Reducing Thermal Bridging at Junctions When Designing and Installing Solid Wall Insulation
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With the advent of the Green Deal, Energy Company Obligation (ECO) and other financial incentives to improve the UK’s existing building stock, there has never been a more relevant time to push the construction industry towards better performance. Current practice during refurbishment does little or nothing to minimise the effects of thermal bridging or inconsistency in thermal envelope performance. This guide sets out clear principles and methods that should be considered and adopted during the design and installation of solid wall insulation in order to reduce thermal bridging effects, maximise carbon dioxide (CO2) emission reductions and minimise the risk of condensation.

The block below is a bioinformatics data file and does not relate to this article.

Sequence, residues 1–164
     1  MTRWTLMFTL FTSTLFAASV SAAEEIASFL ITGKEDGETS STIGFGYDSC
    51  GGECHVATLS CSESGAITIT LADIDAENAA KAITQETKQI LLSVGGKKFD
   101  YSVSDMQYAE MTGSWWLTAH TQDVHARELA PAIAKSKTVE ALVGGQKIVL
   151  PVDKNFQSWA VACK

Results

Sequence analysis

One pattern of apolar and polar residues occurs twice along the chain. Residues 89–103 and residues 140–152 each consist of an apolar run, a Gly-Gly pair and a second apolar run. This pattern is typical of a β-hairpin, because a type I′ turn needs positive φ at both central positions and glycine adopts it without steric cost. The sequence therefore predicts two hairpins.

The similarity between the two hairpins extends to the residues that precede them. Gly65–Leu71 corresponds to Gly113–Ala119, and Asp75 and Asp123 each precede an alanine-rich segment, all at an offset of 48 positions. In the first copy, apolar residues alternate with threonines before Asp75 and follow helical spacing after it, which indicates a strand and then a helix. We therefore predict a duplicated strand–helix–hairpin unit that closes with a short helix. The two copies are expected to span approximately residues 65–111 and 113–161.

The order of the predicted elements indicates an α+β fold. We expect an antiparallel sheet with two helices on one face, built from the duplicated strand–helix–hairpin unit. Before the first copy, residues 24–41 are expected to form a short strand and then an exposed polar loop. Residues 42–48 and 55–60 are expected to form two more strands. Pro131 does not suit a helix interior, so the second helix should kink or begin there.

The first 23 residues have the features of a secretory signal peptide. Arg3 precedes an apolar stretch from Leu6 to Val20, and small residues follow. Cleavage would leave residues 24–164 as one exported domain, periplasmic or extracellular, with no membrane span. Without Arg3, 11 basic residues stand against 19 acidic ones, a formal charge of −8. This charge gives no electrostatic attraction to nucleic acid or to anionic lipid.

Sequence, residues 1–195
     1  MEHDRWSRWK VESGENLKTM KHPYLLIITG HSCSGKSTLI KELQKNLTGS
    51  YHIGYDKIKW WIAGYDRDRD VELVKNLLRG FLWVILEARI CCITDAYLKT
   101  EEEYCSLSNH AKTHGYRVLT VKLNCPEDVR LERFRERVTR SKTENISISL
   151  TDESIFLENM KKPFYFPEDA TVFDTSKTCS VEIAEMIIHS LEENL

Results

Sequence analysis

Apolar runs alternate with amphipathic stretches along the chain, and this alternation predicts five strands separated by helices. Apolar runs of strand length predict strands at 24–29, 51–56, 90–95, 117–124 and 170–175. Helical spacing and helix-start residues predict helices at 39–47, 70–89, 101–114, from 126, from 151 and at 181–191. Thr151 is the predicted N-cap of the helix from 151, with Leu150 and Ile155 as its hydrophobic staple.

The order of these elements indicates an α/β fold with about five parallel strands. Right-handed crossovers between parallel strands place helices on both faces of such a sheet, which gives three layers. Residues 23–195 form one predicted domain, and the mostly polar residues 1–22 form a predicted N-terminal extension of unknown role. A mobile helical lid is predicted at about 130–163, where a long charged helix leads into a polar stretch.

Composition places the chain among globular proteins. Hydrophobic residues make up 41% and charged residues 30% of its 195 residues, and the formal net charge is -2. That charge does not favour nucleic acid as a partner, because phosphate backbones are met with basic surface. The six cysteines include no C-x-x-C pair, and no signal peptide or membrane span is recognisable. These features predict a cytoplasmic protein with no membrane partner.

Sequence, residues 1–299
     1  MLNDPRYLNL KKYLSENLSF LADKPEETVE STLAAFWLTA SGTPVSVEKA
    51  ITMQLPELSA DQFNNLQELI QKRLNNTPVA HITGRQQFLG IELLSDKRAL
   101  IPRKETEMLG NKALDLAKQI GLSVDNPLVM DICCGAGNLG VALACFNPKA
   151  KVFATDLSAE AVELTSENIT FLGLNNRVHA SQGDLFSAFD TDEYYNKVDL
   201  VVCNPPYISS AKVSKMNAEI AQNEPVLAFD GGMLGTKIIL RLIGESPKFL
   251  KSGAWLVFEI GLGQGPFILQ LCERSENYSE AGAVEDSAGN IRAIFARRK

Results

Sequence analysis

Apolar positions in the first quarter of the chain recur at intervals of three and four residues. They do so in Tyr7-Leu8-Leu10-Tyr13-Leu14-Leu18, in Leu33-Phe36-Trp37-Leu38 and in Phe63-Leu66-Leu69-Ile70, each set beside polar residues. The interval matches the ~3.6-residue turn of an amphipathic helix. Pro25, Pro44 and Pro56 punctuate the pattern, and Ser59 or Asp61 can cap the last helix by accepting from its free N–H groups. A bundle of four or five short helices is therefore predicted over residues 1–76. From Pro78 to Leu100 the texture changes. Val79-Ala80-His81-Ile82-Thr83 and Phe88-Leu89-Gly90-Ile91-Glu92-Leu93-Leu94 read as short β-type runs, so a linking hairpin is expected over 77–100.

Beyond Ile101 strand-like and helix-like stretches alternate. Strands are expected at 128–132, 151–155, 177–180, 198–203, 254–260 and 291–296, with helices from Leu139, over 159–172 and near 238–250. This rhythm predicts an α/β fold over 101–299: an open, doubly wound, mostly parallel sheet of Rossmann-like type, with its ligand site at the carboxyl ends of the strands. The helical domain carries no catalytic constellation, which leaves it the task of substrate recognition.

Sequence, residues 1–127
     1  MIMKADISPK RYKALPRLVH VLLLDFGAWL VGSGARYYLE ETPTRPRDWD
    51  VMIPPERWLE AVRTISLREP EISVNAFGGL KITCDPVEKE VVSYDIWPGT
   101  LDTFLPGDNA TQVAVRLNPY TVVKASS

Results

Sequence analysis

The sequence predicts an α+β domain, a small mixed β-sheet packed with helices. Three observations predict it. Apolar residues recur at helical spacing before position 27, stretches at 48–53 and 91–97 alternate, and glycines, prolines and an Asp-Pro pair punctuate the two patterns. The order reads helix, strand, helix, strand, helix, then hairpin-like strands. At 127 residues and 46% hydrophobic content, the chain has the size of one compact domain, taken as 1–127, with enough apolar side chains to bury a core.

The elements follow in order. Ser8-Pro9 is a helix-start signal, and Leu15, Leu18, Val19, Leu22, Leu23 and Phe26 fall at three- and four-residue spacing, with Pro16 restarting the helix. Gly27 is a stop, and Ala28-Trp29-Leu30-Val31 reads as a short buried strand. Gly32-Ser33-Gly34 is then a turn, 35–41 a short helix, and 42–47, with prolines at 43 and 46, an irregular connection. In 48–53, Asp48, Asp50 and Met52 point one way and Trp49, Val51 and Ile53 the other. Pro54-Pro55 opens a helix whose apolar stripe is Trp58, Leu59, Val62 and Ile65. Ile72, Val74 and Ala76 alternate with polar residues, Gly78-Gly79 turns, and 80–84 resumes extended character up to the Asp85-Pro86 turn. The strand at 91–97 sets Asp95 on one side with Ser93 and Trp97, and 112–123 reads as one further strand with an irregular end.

The effect of installing external and internal wall insulation in typical solid wall homes has been modelled for junctions with windows, eaves, floors and party walls. Potential problems are considered, taking examples from recent refurbishment projects in which BRE has been involved. This BRE Trust Report will be a useful resource for public and private clients looking to improve the performance of their properties and for architects/designers, specifiers and installers.
Table of Contents
Executive Summary, 1. Introduction, 2. Background, 3. Detailing of External Wall Insulation, 4. Detailing of Internal Wall Insulation, 5. Comparing the Overall Thermal Performance of External and Internal Insulation, 6. References